One of them is a macro that executes code between tags embedded in a comment of an m-file – excellent alternative for Edit Run Configuration… + F5 combination during debugging an m-file, but… I cannot solve one problem: automatic saving file before run (eg. to activate fresh breakpoints).
Your post about internal commands gave me new hope. I’ve made some trials to save m-file programmatically but without effect.

Do you know if such an action is possible from inside the macro?

#2 Comment By Yair Altman On August 22, 2009 @ 12:47

@Jo – Here’s a snippet of a sample macro (callback) function:

function myCallback(jDocument, jEventData, varargin)
   filename = jDocument.getFilename;
   % do some user-defined stuff

   % Now save the file:
end  % myCallback

Also look at Perttu’s KeyBindings utility for other usage examples of MLEditorServices.


#3 Comment By mb On January 13, 2012 @ 05:38

In Matlab 2011 com.mathworks.mlservices.MLEditorServices has no such method as saveDocument.
Instead of it one can use matlab editor api to save the document:

filehandle = matlab.desktop.editor.getActive 
filehandle.save() ;

More about it can be found here [11] .
I hope it will save someone’s time.


#4 Comment By Yair Altman On January 13, 2012 @ 05:59

This is indeed a very good example of the risks in using internal Matlab components – their API can change dramatically from one release to another, without prior notice.

Here is the alternative in the latest Matlab release (12a):

% Get the reference to the editor application
jEditorApp = com.mathworks.mde.editor.MatlabEditorApplication.getInstance;
jEditorApp = com.mathworks.mlservices.MLEditorServices.getEditorApplication;  % an alternative

% Save the current file

Other useful methods of the jEditorApp.getActiveEditor reference are:

addPropertyChangeListener(java.lang.String, java.beans.PropertyChangeListener)
firePropertyChange(java.lang.String, java.lang.Object, java.lang.Object)
getBreakpointMargin() : com.mathworks.matlab.api.debug.BreakpointMargin
getCaretPosition() : int
getComponent() : java.awt.Component
getDocument() : javax.swing.text.Document
getExecutionArrowMargin() : com.mathworks.matlab.api.debug.ExecutionArrowMargin
getLanguage() : com.mathworks.matlab.api.editor.EditorLanguage
getLength() : int
getLineNumber() : int
getLongName() : java.lang.String
getProperty(java.lang.Object) : java.lang.Object
getSelection() : java.lang.String
getShortName() : java.lang.String
getStorageLocation() : com.mathworks.matlab.api.datamodel.StorageLocation
getText() : java.lang.String
getTextComponent() : javax.swing.text.JTextComponent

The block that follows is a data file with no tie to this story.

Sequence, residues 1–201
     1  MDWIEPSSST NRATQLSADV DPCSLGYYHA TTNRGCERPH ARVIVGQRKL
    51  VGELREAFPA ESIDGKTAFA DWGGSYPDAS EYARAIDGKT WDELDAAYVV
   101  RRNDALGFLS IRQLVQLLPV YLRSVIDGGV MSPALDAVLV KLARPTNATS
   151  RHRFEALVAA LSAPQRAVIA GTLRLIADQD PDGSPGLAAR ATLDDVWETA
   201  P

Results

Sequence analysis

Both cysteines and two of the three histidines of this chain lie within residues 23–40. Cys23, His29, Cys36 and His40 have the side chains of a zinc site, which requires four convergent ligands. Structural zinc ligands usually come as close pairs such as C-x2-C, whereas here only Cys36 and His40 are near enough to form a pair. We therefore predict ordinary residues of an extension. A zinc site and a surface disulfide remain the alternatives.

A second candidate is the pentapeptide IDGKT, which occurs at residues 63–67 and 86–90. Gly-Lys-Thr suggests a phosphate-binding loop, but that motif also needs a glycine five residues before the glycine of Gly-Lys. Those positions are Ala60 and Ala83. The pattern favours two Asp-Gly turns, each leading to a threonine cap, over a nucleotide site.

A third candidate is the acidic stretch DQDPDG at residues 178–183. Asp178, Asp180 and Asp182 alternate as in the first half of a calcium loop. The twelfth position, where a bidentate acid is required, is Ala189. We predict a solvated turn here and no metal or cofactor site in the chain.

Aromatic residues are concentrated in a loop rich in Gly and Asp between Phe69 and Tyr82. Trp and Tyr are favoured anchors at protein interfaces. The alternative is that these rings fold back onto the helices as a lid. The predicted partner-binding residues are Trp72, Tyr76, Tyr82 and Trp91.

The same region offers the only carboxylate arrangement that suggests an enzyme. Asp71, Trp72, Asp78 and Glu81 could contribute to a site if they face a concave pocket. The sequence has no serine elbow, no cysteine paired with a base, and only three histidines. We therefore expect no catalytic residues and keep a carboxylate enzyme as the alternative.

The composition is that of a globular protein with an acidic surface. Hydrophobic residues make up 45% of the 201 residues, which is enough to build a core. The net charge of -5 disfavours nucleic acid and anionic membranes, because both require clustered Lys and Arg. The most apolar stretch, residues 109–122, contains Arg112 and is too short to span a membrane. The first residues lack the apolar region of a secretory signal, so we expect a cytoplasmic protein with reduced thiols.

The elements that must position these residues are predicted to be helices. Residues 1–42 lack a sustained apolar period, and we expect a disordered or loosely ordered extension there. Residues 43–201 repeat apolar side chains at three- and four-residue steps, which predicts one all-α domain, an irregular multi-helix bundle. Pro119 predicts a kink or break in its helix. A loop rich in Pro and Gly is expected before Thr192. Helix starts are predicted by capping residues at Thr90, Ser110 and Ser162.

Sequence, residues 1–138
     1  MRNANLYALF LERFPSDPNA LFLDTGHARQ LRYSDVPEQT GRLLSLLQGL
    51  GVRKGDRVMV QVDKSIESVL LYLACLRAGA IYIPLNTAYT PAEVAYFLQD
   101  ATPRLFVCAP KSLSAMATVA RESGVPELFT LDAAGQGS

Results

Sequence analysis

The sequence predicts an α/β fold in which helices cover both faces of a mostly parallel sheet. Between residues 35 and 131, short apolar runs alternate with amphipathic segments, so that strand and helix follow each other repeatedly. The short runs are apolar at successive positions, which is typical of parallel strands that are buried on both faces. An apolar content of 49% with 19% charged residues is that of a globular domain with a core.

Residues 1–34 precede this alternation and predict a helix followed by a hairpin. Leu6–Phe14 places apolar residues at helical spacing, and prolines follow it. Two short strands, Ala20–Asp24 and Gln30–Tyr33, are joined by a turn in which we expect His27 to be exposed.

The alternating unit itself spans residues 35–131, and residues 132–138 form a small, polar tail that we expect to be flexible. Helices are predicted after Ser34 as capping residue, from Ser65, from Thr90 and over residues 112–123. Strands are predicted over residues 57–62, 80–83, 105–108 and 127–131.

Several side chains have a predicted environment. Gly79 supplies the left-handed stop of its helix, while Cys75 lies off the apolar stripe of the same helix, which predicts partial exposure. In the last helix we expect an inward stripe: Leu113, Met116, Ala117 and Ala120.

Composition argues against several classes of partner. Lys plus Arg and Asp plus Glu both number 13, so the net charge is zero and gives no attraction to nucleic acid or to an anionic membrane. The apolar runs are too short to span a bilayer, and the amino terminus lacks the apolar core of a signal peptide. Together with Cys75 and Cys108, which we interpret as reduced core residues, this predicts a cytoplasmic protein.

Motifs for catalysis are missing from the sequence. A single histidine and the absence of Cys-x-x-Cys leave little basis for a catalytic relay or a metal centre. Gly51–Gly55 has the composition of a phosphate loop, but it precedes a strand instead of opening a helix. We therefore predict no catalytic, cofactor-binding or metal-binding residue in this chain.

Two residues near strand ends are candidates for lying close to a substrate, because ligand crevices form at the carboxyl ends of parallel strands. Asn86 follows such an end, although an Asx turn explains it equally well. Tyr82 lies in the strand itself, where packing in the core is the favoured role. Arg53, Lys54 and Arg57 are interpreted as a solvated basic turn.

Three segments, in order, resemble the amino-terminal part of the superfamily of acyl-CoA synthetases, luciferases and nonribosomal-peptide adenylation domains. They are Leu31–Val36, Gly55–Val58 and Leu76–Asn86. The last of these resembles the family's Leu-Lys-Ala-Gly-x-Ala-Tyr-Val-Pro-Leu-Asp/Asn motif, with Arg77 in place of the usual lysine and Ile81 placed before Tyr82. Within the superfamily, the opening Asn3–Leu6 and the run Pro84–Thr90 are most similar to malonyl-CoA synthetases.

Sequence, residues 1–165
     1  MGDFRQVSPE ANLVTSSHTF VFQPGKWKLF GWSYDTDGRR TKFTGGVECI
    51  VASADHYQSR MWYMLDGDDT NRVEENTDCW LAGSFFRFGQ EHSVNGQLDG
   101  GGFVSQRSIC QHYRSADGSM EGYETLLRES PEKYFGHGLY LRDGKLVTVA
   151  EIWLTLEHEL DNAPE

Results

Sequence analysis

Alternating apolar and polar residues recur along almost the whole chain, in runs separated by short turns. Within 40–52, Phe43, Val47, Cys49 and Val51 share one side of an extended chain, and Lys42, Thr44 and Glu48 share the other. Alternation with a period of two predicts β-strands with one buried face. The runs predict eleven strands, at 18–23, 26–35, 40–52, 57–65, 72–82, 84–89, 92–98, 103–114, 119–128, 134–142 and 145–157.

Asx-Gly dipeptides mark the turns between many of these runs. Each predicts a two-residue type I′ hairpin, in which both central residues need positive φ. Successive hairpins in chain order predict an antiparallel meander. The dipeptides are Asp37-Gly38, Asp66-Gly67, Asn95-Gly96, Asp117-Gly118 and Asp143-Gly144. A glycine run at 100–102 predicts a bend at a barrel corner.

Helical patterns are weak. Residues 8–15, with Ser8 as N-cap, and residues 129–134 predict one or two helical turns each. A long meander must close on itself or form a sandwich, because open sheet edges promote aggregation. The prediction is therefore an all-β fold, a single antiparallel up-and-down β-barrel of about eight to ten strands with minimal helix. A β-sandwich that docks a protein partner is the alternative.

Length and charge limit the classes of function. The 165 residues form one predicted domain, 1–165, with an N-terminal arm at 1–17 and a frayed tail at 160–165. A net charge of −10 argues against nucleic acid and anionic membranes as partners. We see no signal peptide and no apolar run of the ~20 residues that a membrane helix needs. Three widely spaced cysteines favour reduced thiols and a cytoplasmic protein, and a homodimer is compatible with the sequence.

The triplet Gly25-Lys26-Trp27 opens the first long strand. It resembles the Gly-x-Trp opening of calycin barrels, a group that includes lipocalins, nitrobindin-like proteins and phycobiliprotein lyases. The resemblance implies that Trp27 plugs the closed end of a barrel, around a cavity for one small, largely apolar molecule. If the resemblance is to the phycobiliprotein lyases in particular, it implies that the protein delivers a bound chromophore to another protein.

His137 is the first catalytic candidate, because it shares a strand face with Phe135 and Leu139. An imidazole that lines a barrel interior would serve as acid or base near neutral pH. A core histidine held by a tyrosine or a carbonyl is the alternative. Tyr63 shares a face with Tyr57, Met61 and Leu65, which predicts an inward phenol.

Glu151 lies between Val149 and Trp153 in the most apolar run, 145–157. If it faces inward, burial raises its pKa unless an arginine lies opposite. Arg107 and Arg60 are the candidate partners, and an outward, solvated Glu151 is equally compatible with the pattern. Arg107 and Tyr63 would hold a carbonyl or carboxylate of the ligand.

getTextWithSystemLineEndings() : java.lang.String
goToFunction(java.lang.String, java.lang.String)
goToLine(int, boolean)
goToLine(int, int)
goToPositionAndHighlight(int, int)
isBuffer() : boolean
isDirty() : boolean
isEditable() : boolean
isMCode() : boolean
isOpen() : boolean
lineAndColumnToPosition(int, int) : int
lockIfOpen() : boolean
negotiateSave() : boolean
positionToLineAndColumn(int) : int[]
putProperty(java.lang.String, java.lang.Object)
reloadAndReturnError() : java.lang.String
removePropertyChangeListener(java.lang.String, java.beans.PropertyChangeListener)
replaceText(java.lang.String, int, int)
saveAndReturnError() : java.lang.String
saveAsAndReturnError(java.lang.String) : java.lang.String
setSelection(int, int)

Article printed from Undocumented Matlab: https://undocumentedmatlab.com

URL to article: https://undocumentedmatlab.com/articles/editormacro-v2-setting-command-window-key-bindings

URLs in this post:

[1] EditorMacro utility: http://undocumentedmatlab.com/blog/editormacro-assign-a-keyboard-macro-in-the-matlab-editor/

[2] set non-textual editor macros: http://undocumentedmatlab.com/blog/non-textual-editor-actions/

[3] EditorMacro’s source code: http://www.mathworks.com/matlabcentral/fileexchange/24615

[4] KeyBindings utility: http://www.mathworks.com/matlabcentral/fileexchange/25089

[5] EditorMacro – assign a keyboard macro in the Matlab editor : https://undocumentedmatlab.com/articles/editormacro-assign-a-keyboard-macro-in-the-matlab-editor

[6] R2009b keyboard bindings : https://undocumentedmatlab.com/articles/r2009b-keyboard-bindings

[7] Changing Matlab's Command Window colors : https://undocumentedmatlab.com/articles/changing-matlab-command-window-colors

[8] Bold color text in the Command Window : https://undocumentedmatlab.com/articles/bold-color-text-in-the-command-window

[9] Another Command Window text color hack : https://undocumentedmatlab.com/articles/another-command-window-text-color-hack

[10] cprintf – display formatted color text in the Command Window : https://undocumentedmatlab.com/articles/cprintf-display-formatted-color-text-in-command-window

[11] : http://blogs.mathworks.com/desktop/2011/05/09/r2011a-matlab-editor-api/

Copyright © Yair Altman - Undocumented Matlab. All rights reserved.